Theater – The Color Purple

It’s a strange thing, my theater viewing this summer.  Normally I would have seen more shows than I did, but we’ll just mention the baby again as a reason why the Boy and I aren’t going out and seeing more – especially evening performances.  But I’m thinking now of the last show I saw – Ain’t Too Proud, the Temptations musical which is still touring and tweaking in anticipation of its Broadway debut, and this show – The Color Purple, which is apparently at the end of it’s national tour following its Broadway revival.  That’s right – The Color Purple originated on Broadway back in 2005, toured nationally THREE TIMES, was revived on the great white way, and is finishing up its national tour before the show begins international runs.

So I’m not sure what to say about it that is new, or useful, or creative.  The chances of any of my readers going to see a production in South Africa, in the Netherlands or in Leicester or Birmingham is unlikely.  And while I had originally planned on this post going up on Friday, I let my conference last week get in the way of my posting schedule and managed to shift everything back on my editorial calendar by a day, leaving us here, with the last curtain fallen on the Kennedy Center stop last night.  And that makes me a little sad.  It feels like making a cake, showing you the cake, telling you how good the cake was, and then not giving you a recipe or a location in which you can purchase said cake.  Is it an asshole move?  I don’t know – you tell me.

But I feel like I can’t not talk about this show.  I managed to get through life so far and have not read the original Pulitzer-prize winning book, nor have I seen the Steven Spielberg-directed movie which was nominated for a boatload of Oscars, even if it didn’t win any.  I had the vaguest sense of what the story was – of a young woman named Celie who is raped repeatedly by her father and forced to give up her babies.  But beyond that, this was all new to me.  And while yes, the story was as grim as the sentence preceding this one would lead you to believe, there is a lot of strength and joy in the story as well since it has a happy ending.  What’s also interesting is that I believe the revival tried to bring out more of the sexual relationship between Shug and Celie that was apparently downplayed in both the movie and the original version of the musical (don’t quote me on the original run though – I think I read about it in an article elsewhere that I can’t find right now).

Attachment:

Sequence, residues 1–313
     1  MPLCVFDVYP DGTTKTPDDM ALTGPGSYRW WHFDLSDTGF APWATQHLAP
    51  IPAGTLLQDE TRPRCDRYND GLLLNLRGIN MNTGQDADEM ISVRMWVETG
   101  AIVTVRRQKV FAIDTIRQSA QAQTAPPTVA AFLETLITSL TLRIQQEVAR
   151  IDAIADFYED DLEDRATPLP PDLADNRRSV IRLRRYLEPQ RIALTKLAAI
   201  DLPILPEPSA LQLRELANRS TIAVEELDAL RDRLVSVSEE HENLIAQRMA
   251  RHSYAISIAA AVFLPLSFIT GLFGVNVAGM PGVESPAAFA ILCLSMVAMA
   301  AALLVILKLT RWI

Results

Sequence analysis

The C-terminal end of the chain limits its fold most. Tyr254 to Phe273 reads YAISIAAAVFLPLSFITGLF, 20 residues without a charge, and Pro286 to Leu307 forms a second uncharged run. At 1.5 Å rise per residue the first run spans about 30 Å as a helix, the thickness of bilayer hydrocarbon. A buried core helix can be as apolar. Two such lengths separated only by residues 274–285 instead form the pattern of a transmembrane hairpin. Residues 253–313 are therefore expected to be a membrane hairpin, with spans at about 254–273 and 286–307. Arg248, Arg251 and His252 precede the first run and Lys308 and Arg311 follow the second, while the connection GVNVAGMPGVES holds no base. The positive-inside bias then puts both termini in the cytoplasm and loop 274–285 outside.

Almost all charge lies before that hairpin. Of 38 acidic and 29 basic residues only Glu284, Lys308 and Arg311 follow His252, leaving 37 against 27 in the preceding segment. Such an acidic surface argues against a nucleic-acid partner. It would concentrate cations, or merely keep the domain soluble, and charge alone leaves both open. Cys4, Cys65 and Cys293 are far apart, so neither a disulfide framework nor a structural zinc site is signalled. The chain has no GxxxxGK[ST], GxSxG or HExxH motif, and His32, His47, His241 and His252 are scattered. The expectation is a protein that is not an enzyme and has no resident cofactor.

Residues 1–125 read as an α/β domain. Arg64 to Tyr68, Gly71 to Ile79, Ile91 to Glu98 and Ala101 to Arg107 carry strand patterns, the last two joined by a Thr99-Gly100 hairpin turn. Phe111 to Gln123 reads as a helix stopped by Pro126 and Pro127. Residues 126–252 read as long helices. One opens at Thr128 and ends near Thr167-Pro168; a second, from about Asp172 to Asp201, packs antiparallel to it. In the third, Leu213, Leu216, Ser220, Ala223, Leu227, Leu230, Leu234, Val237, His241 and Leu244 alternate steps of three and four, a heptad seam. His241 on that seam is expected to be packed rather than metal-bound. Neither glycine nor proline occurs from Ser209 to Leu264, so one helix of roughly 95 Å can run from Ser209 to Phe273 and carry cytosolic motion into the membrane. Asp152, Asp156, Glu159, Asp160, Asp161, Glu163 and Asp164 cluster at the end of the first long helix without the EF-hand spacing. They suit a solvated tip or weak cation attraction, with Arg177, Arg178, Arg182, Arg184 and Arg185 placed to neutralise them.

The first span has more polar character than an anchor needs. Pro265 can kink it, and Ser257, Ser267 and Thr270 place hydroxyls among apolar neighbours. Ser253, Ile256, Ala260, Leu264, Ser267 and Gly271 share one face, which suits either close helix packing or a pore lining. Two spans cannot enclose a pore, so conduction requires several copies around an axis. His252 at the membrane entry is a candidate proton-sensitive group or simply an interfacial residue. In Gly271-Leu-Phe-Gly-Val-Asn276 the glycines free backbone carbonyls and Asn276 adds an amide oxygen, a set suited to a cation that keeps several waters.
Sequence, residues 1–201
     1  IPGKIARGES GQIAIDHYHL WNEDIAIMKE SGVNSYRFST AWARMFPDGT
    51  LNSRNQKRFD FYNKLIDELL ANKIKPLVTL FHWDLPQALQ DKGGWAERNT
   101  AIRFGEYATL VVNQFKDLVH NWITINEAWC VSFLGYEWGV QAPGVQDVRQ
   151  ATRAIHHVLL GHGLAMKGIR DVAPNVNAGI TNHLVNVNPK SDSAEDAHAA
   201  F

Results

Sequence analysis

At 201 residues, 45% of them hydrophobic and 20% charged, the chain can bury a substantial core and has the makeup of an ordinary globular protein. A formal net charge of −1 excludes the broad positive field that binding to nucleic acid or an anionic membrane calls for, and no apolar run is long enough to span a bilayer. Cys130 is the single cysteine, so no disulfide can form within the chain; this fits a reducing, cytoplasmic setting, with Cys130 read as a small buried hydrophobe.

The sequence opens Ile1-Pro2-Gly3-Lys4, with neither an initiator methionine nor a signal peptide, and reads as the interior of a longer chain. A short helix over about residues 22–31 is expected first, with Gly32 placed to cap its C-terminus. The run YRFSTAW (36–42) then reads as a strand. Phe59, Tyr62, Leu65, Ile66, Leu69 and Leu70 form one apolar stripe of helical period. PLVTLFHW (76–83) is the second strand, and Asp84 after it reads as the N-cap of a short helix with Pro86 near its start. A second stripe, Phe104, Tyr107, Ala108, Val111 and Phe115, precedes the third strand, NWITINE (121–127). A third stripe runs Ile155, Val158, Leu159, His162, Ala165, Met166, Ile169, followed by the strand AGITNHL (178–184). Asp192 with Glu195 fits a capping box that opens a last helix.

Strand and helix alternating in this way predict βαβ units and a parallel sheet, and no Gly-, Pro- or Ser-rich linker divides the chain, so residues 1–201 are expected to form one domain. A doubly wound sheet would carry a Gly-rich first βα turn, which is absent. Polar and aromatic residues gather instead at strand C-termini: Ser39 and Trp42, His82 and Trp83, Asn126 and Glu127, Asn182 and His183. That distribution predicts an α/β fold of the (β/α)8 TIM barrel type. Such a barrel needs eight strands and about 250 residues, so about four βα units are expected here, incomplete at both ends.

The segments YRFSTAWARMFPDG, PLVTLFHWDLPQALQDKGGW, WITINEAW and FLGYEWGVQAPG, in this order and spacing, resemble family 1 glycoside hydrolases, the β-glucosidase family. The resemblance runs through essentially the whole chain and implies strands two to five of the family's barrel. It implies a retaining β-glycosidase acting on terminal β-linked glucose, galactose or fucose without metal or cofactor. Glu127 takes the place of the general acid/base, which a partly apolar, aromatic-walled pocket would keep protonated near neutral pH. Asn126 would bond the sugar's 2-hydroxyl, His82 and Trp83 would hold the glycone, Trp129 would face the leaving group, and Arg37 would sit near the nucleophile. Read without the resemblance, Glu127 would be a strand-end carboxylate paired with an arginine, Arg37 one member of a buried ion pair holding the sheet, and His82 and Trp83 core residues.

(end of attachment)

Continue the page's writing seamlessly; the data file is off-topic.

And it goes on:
The performances were all around terrific, with standouts being Adrianna Hicks as Celie and Carrie Compere as Sofia.  Hicks’ Celie is this grim faced girl for most of the show – she holds her mouth in a perpetual scowl and frown that is appropriate for a hard life with little joy.  And yet, at the end of the first act she begins to transform.  The voice she was using to sing goes from being a more childlike voice to a tearing powerful one that is able to elucidate the depths of despair which she has experienced, and how much hope and joy she has at the end of the show.  Compere’s Sofia is a force of nature with such powerful stage presence, that there were times she simply needed to walk out on stage and give another character a look, and the audience was brought howling to its knees.  She is the personification of raw sexual energy balanced with a take-no-bullshit attitude and soul-deep dignity which cannot be shaken.

Like I said – I feel awful that I got to see this, and chances are that you did not.  It was such a powerful show.  But the good news is, that even if you have been remiss in partaking in the other versions of The Color Purple, you can do that now, and if you see a production of this show in a theater near you, you’ll know that it will be worth the time and energy to go and see it.

Details: The Color Purple, played at the Kennedy Center through 26 August.  Touring information here.

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